Drugs and Red Rocks go hand in hand.
The place often smells like a grow house. Dealers are selling drugs in the parking lots and inside the venue itself. And fans often pregame at tailgate parties that include smoking, snorting and eating various intoxicants. Reddit and other online sites host multiple threads discussing how to best smuggle drugs into the venue, whether or not it’s safe to buy drugs there, and what will happen if you’re caught.
Then there are the drunks. Drunks stumbling down the bleachers. Drunks vomiting. And, on a bad night, drunks squabbling in the stands.
Yet in 2019, there were just 121 criminal cases reported at Red Rocks' 170 concerts, according to data from the Denver Police Department and the Jefferson County Sheriff's Office. Considering that nearly 10,000 people are at the venue every time it sells out, those numbers are low.
Some crime statistics are maintained by the DPD, which is on site to handle criminal issues at the venue and address misdemeanor cases. Others are kept by the Jefferson County Sheriff's Office, which handles felonies and any crimes that take place outside the venue itself.
From the beginning of 2019 to the end of the concert season, DPD recorded just 55 offenses, only a handful of which were violent. Jefferson County recorded 66 incidents; 23 of those charges were not dropped.
Brian Kitts, a spokesperson for Denver Arts & Venues, which operates the amphitheater, says crime stats are low because of the fans. They’re there for a good time, not a crime spree.
“Red Rocks fans are lovers, not fighters,” he explains in a statement. “Seriously, fans who have shelled out big bucks for entertainment are generally focused on what’s happening on stage, not perpetrating violence. As at any venue, alcohol may increase some bad behavior, but fans at Red Rocks are usually there for music and good vibes.
“I think people at entertainment events generally avoid confrontation," he adds. "You’d probably see similar numbers at Pepsi Center or Fiddler’s Green [twice the capacity of Red Rocks] or Empower Field [nearly ten times the capacity]."
And sending disorderly-behavior cases to the police is a last resort for the venue, according to Kitts. Most incidents are handled by in-house company Argus Security, which has not responded to Westword’s request for comment on this story.
“As with most venues, uniformed security and guest service staff manage most complaints — seating issues, intoxicated fans, etc. — before they escalate,” notes Kitts. “Police get involved once a situation isn’t resolved, escalates, or when the safety of fans is at stake.”
In 2019, there were six incidents of assault causing minor bodily injury at shows, including the NGHTMRE and Slander concert on May 5; Colorado Public Television’s Get the Led: A Celebration of the Mighty Zep, a Led Zeppelin tribute show on September 26; the October 3 RÜFÜS DU SOL concert; and the October 4 Kill the Snails Slugtopia show. One incident — at the TroyBoi and G Jones concert on November 18 — included aggravated assault causing serious bodily injury.
According to the Jefferson County Sheriff's Office, there were twelve incidents of possession of an unlawful controlled substance and four of criminal trespass with an automobile. There was one case of sexual assault (at the May 29 Phil Lesh and the Terrapin Family Band show), two disturbances, two second-degree assault cases, one harassment with "strikes, shoves, kicks and touches," and one robbery.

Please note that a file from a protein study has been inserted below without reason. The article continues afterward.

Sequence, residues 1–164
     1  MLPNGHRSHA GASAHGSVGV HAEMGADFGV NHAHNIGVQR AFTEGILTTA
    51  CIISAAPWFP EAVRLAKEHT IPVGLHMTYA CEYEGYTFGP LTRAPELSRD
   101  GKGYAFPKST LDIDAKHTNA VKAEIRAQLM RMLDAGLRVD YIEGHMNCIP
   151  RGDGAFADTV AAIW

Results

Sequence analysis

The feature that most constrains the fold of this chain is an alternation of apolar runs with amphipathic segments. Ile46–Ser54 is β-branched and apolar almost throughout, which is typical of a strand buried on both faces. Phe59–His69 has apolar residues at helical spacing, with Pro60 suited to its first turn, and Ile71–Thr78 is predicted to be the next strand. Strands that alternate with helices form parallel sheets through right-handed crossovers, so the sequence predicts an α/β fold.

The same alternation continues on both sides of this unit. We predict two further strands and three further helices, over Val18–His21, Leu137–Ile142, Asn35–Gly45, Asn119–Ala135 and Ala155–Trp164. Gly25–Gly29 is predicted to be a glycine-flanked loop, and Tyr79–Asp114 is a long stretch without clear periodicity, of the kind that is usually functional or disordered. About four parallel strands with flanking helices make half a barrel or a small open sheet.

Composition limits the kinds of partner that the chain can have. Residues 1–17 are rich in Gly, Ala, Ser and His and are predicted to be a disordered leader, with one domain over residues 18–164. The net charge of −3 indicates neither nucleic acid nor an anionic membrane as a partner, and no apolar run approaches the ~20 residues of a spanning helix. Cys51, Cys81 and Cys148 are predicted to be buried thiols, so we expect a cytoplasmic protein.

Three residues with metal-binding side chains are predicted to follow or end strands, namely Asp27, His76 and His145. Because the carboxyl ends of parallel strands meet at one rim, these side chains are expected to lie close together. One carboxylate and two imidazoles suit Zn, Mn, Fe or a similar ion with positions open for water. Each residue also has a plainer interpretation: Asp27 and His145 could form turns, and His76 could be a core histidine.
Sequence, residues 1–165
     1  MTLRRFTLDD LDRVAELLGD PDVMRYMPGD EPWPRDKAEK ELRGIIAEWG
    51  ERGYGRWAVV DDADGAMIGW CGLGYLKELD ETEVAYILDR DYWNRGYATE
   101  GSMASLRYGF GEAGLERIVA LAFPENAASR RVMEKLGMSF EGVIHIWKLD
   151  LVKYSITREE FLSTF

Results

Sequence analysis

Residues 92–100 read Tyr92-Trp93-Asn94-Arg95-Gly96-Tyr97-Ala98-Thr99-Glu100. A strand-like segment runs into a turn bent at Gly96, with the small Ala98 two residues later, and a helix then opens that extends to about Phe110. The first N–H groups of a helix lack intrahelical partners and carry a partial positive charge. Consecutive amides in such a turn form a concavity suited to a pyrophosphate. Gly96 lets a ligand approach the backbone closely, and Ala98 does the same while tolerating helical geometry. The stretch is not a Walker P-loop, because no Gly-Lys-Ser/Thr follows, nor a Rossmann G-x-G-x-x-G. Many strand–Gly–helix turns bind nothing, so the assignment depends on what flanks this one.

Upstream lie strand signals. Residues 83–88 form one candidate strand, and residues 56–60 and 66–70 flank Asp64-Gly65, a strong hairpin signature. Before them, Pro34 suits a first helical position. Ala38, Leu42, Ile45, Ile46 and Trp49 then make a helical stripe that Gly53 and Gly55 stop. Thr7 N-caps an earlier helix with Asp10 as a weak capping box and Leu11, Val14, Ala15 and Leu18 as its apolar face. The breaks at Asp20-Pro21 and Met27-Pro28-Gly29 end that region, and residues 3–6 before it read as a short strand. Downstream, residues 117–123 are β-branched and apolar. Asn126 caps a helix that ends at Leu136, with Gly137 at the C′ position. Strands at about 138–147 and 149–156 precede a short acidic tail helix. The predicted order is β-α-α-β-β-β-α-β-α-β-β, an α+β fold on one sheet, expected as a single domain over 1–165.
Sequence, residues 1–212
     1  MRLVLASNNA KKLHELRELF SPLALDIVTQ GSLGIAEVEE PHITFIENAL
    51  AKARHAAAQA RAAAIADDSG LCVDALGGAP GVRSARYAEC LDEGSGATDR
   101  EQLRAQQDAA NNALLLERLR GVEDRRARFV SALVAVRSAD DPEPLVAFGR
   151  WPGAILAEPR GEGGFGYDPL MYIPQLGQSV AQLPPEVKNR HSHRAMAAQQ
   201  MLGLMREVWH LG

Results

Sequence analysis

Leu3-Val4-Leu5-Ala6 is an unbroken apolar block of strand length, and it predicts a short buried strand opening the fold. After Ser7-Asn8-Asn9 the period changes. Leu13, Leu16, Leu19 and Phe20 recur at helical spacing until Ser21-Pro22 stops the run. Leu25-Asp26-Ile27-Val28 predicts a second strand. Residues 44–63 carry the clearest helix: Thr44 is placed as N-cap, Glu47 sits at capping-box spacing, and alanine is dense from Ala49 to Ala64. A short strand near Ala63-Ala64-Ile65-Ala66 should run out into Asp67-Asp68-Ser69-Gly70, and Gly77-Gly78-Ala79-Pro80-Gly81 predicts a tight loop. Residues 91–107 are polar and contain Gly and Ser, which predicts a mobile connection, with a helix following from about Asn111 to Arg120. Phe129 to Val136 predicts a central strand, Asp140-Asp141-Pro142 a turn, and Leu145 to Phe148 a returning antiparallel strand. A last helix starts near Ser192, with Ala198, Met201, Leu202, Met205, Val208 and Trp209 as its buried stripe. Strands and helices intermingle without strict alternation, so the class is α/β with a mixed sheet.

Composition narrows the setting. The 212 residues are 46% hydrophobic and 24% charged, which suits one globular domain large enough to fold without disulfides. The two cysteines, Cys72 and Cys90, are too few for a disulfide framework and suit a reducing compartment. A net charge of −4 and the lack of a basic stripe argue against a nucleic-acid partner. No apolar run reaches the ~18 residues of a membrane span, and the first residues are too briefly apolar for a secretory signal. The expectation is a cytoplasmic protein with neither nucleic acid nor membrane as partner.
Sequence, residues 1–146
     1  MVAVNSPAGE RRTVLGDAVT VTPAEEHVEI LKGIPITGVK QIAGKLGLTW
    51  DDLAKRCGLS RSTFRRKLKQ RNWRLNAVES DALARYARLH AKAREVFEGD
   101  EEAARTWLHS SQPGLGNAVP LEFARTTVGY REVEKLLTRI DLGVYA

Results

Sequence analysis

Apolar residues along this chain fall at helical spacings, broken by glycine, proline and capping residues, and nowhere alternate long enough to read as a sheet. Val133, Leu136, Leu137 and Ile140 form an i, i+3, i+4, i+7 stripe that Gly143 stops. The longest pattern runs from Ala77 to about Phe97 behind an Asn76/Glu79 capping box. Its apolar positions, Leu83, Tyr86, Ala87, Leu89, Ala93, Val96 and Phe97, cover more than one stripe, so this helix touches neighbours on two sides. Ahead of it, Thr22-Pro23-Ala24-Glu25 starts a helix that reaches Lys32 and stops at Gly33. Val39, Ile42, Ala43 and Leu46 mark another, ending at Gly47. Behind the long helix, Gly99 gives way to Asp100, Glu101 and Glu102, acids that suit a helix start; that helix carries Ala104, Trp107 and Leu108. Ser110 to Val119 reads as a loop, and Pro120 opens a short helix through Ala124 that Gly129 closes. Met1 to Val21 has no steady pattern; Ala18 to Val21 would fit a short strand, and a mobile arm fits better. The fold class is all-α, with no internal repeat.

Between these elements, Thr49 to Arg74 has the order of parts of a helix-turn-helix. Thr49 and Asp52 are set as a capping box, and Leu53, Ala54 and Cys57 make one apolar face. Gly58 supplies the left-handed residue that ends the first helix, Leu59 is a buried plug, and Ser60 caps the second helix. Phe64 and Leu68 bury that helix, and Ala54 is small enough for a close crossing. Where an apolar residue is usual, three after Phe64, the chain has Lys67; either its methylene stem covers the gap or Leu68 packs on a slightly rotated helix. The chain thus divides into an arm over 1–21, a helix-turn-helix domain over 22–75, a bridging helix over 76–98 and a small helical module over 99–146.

Every assault but one reported in 2019 occurred at EDM shows, which also had the highest number of other criminal cases.
There were 21 trespassing incidents, two for disturbing the peace, one for forging a check, and another for giving false information to a police officer. Someone was accused of indecent exposure at the Big Gigantic concert.
There were nine cases tied to an assortment of environmental or animal offenses (which would include trespassing into a closed area, which a DPD spokesperson says some people do to urinate), two for possession of marijuana, one for public fighting (also at Slugtopia), one for a public disorder offense, two for theft, another two for theft of items from a vehicle, another two for theft of services (which could include trying to go to a show without paying), one for a traffic offense, one for violation of a court order, and one for violation of a restraining order.
The most police activity occurred at the Flume concert on August 7, with a total of four incidents. The electronic music producer also played on August 6, where there were three incidents.
Alison Wonderland’s show had three incidents on September 12. Rezz on September 22 also saw three incidents, as did Snails on October 4.
The philosophy behind keeping Red Rocks safe, according to Kitts, begins with prevention. "That starts with something as simple as the list of items to leave in your car. Then, a general awareness of the venue’s rules and easy access for patrons to resolve minor issues quickly (texting or contacting uniformed staff) takes care of a majority of problems."
Keep Westword Free... Since we started Westword, it has been defined as the free, independent voice of Denver, and we would like to keep it that way. Offering our readers free access to incisive coverage of local news, food and culture. Producing stories on everything from political scandals to the hottest new bands, with gutsy reporting, stylish writing, and staffers who've won everything from the Society of Professional Journalists' Sigma Delta Chi feature-writing award to the Casey Medal for Meritorious Journalism. But with local journalism's existence under siege and advertising revenue setbacks having a larger impact, it is important now more than ever for us to rally support behind funding our local journalism. You can help by participating in our "I Support" membership program, allowing us to keep covering Denver with no paywalls.